Publication Date

1-1-1997

Document Type

Dissertation/Thesis

First Advisor

Stephens, M. Irene (Mary Irene)

Degree Name

B.S. (Bachelor of Science)

Department

School of Allied Health and Communicative Disorders

Abstract

Language acquisition is a complex process that typically developing children seem to accomplish naturally at an early age. From the babbling of an infant to the multi-syllabic utterances of a toddler, language development occurs due the child's exposure and interaction to the sounds present in his or her environment. In an environment when two languages are spoken, a child has the opportunity to acquire two languages. In a case study conducted, an experimental exposure of an eight-year old male to the Tagalog language occurred. During a five-month period, the subject was taught vocabulary words of the Tagalog language and was provided poems and reading materials to supplement his exposure to the language. Results of the study demonstrated similarities and differences in the subject's attempt to acquire a second language. Errors in language acquisition of the primary language parallel errors viewed in the subject's introduction to the Tagalog language. In addition, a brief overview of the Tagalog language is included to provide the reader a better comparison of the phonology of the two languages.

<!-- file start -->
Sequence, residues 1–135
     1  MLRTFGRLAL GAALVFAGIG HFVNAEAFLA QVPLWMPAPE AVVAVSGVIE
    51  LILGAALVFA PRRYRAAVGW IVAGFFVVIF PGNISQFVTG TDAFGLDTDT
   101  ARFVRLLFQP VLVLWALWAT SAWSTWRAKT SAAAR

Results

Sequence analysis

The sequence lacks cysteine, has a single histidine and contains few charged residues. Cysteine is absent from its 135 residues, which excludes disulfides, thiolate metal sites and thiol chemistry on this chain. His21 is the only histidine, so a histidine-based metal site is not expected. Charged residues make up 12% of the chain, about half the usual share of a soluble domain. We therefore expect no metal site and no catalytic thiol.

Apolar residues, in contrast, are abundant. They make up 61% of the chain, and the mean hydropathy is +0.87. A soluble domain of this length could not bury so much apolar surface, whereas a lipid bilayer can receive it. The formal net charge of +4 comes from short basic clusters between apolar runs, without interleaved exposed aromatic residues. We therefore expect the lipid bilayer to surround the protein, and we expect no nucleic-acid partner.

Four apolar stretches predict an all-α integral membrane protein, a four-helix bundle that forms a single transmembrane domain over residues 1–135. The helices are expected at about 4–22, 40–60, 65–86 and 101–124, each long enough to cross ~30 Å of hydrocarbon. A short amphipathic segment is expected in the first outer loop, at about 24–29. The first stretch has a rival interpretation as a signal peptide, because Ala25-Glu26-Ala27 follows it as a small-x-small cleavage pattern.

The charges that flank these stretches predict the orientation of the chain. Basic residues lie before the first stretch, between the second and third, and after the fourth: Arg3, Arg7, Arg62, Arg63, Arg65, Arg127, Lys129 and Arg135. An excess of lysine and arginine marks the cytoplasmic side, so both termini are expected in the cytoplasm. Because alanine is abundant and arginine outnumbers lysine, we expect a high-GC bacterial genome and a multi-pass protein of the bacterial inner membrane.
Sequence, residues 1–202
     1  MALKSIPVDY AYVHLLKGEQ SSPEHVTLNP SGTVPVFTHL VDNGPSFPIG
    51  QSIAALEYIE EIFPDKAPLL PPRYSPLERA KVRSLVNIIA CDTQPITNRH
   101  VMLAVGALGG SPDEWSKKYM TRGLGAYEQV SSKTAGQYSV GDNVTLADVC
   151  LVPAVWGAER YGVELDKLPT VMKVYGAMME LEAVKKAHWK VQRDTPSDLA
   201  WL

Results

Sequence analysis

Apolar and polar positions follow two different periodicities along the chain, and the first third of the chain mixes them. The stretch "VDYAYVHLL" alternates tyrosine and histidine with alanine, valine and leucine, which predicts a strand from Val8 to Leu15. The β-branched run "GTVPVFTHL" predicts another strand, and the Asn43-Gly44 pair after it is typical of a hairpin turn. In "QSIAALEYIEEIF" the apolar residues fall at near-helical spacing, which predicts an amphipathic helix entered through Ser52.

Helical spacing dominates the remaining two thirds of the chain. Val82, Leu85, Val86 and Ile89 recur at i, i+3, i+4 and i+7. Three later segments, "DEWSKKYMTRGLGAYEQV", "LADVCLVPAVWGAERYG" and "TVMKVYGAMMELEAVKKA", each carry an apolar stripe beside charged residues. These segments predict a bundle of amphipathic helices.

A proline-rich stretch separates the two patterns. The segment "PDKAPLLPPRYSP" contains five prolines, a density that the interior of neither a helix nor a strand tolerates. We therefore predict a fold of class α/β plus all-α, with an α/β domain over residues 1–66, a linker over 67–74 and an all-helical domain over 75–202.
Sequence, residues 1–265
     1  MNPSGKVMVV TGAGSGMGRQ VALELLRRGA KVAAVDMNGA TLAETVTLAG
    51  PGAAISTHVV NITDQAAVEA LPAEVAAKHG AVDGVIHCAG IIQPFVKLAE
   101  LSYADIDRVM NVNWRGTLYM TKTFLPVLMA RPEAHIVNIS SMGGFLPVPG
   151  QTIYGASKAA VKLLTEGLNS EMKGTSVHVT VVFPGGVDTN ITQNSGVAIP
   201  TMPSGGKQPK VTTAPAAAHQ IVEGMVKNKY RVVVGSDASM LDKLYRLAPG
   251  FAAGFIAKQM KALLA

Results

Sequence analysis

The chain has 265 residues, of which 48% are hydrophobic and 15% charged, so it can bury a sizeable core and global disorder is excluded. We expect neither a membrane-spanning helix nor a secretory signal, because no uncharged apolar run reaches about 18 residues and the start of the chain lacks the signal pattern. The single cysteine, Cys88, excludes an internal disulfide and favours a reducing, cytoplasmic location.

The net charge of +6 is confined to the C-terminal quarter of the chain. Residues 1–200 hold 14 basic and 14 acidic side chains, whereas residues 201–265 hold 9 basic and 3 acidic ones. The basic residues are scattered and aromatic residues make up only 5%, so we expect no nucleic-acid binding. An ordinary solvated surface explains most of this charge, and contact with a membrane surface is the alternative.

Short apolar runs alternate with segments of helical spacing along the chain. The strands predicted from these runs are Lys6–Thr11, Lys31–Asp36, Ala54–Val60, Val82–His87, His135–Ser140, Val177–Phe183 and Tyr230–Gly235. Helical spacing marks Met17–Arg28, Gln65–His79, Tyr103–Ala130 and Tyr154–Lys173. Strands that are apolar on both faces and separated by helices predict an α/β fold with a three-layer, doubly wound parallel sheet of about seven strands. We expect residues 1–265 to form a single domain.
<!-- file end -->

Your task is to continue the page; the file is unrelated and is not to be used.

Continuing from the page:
Comments

Includes bibliographical references.||Some text rendered incorrectly.

Extent

15 pages

Language

eng

Publisher

Northern Illinois University

Rights Statement

In Copyright

Rights Statement 2

NIU theses are protected by copyright. They may be viewed from Huskie Commons for any purpose, but reproduction or distribution in any format is prohibited without the written permission of the authors.

Media Type

Text

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